London is less than a month away, but one of India’s most realistic medal prospects has just managed to free himself from a series of tests of a wholly different kind. As far as common belief goes, excellence at a young age, sporting achievements for instance, doesn’t mix with academic proficiency.
But while there are many sportspersons for whom examinations are a greater fear than their opponents, every once in a while a Vikas Krishan forces public perception to go take a hike.
For the newest poster boy of Indian boxing, education has always been a top priority, something that was drilled into him by his father Krishan Kumar Yadav. “Like any father, I wanted my son to lead a respectable life, for which I believed education to be the only vehicle,” recalls Yadav, who works as a stenographer in the Haryana State Electricity Board. “But seeing his successes and dedication, I gave him the freedom to choose his path.”
Nevertheless, Krishan continued to excel in academics (he was awarded scholarships till eighth standard), and chose to go in for higher studies even though he had made up his mind to make a career out of his chosen sport, opting for a Bachelor of Arts degree from Rohtak’s Maharishi Dayanand University.
His final-year papers clashed with the final foreign exposure trip before the Games. And, even as the rest of India’s Olympic-bound pugilists slogged it out in Ireland, Krishan was busy writing his way towards his graduation degree. Academics, however, do not unnerve Krishan. “Unlike boxing, exams are easy. Prepare as per the syllabus, and you are bound to score well. When it comes to boxing, though, there’s no prescribed syllabus,” says the Haryana Police DSP.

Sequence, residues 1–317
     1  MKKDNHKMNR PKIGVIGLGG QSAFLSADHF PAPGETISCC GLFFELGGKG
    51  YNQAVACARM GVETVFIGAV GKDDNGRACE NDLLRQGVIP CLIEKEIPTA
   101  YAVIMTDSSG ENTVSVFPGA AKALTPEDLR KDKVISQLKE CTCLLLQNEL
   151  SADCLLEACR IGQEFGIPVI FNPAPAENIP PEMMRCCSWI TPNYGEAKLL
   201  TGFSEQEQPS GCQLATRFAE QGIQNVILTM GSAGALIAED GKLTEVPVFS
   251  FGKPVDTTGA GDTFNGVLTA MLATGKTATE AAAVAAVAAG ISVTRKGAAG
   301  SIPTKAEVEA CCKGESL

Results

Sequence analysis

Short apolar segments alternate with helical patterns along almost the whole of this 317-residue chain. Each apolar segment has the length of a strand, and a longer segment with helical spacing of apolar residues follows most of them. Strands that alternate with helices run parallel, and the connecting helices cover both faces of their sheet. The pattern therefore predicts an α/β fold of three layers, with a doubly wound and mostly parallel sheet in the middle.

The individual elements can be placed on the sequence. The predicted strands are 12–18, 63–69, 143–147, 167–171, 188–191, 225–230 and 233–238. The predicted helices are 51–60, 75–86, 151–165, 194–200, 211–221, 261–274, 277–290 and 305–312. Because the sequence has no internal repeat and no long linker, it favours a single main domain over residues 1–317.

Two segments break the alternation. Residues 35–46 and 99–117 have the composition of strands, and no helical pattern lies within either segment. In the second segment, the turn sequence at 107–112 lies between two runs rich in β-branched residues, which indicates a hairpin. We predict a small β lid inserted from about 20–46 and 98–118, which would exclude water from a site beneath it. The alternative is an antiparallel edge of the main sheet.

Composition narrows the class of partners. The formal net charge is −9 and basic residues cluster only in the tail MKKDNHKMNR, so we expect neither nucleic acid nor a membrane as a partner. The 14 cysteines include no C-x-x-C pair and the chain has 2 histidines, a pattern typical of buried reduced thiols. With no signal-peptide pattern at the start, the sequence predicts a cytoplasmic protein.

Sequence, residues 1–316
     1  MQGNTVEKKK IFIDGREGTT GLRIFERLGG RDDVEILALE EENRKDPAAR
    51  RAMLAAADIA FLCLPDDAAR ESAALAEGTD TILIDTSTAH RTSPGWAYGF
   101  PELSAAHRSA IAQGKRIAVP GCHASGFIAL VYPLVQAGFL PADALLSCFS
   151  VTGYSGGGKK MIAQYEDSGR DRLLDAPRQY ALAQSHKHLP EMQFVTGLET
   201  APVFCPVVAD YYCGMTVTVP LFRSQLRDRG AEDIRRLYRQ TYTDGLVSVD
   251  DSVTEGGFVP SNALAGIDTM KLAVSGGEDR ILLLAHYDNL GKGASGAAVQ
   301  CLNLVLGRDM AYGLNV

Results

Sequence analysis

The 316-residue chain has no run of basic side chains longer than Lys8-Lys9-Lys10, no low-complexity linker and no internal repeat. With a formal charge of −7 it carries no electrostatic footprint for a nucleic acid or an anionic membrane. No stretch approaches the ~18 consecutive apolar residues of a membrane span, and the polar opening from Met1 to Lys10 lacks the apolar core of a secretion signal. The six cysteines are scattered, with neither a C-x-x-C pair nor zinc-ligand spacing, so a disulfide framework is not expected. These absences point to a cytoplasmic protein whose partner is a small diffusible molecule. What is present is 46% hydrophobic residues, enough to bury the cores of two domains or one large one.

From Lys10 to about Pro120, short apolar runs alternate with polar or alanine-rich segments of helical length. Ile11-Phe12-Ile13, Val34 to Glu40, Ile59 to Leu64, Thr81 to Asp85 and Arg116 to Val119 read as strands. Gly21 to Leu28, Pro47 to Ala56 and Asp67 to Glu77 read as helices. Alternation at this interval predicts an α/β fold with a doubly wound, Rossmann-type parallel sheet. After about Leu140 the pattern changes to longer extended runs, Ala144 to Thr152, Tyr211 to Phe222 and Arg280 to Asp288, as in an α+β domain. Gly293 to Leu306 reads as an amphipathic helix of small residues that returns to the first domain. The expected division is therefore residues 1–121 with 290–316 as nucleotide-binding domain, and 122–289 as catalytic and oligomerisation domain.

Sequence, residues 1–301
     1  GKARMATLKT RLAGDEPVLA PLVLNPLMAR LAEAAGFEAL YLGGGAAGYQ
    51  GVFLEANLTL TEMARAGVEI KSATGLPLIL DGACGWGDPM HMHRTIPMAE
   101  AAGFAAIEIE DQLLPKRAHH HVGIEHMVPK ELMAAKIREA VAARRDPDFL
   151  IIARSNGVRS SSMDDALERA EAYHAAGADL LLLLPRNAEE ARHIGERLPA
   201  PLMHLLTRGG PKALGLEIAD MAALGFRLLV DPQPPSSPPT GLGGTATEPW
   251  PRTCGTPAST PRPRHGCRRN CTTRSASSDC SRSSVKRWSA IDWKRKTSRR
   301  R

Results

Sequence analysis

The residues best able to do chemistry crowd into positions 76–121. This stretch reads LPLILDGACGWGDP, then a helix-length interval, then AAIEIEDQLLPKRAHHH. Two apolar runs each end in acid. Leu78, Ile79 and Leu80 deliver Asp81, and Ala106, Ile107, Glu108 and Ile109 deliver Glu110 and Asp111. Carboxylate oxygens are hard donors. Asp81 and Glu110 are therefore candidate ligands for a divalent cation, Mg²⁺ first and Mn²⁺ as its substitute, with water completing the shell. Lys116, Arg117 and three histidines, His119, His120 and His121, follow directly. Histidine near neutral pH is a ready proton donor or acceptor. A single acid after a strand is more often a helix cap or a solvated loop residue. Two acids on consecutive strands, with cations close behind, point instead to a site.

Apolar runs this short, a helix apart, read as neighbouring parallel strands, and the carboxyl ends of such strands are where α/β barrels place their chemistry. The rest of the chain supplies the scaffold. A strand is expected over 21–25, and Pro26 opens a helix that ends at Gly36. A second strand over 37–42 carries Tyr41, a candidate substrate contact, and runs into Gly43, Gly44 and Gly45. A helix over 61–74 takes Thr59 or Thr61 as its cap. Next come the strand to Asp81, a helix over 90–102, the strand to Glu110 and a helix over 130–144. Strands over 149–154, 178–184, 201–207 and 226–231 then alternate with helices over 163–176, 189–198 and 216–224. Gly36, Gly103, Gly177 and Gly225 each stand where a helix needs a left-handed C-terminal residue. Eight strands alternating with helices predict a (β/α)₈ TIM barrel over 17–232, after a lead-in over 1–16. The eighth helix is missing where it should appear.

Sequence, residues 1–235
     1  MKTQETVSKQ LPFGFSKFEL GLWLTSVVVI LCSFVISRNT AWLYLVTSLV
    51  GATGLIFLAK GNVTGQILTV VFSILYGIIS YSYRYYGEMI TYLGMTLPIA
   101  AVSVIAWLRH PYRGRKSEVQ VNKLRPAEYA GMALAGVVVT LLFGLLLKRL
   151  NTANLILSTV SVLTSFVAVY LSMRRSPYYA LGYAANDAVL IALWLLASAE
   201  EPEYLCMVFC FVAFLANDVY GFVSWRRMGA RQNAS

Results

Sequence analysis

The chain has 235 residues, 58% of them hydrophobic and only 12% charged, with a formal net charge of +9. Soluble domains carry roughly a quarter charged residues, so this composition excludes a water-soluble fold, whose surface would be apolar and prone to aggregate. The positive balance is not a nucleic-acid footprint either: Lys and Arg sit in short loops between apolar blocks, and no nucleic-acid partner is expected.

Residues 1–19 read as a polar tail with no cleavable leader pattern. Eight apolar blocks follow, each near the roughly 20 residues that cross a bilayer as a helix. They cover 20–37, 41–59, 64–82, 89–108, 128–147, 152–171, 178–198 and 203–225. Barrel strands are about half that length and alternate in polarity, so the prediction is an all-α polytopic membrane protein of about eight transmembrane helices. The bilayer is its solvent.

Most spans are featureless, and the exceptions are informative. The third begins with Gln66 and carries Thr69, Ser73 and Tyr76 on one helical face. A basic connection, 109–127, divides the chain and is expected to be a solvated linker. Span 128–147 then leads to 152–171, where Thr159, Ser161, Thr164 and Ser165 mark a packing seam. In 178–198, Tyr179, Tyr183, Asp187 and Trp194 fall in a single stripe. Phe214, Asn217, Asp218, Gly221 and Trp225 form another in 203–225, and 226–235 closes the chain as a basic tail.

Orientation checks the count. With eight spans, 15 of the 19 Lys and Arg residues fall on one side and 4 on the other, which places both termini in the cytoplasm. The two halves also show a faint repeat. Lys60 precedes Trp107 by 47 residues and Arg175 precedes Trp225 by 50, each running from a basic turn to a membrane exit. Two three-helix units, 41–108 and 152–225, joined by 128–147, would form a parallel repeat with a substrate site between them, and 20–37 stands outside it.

For Krishan, having to go up against an opponent with a mind of his own is what makes boxing a particularly dangerous sport.
“You don’t know what is going on in your opponent’s head, what he’s thinking, and when or how he’ll attack or react,” says the Asian Games gold-medallist, who despite giving Ireland a skip is gung-ho about his prospects."I have always dreamed of standing on the podium at the Olympics. Now the time has come to make the most of the opportunity," says the Bhiwani-based boxer who burst onto the scene as an 18-year-old at the Guangzhou Asiad, where he won the 60kg gold in what was his first senior international, breaking a 12-year jinx in the process.
Krishan, who feels he has matured since that triumph, says, “Now, with my training going as per schedule, it’s time to make the most of the opportunity.” Last year, the switch to the 69kg category, was a rare double jump. “There was no way I could stick to 60kg in my growing years.”
Growing in stature, Krishan can leave the best powerless.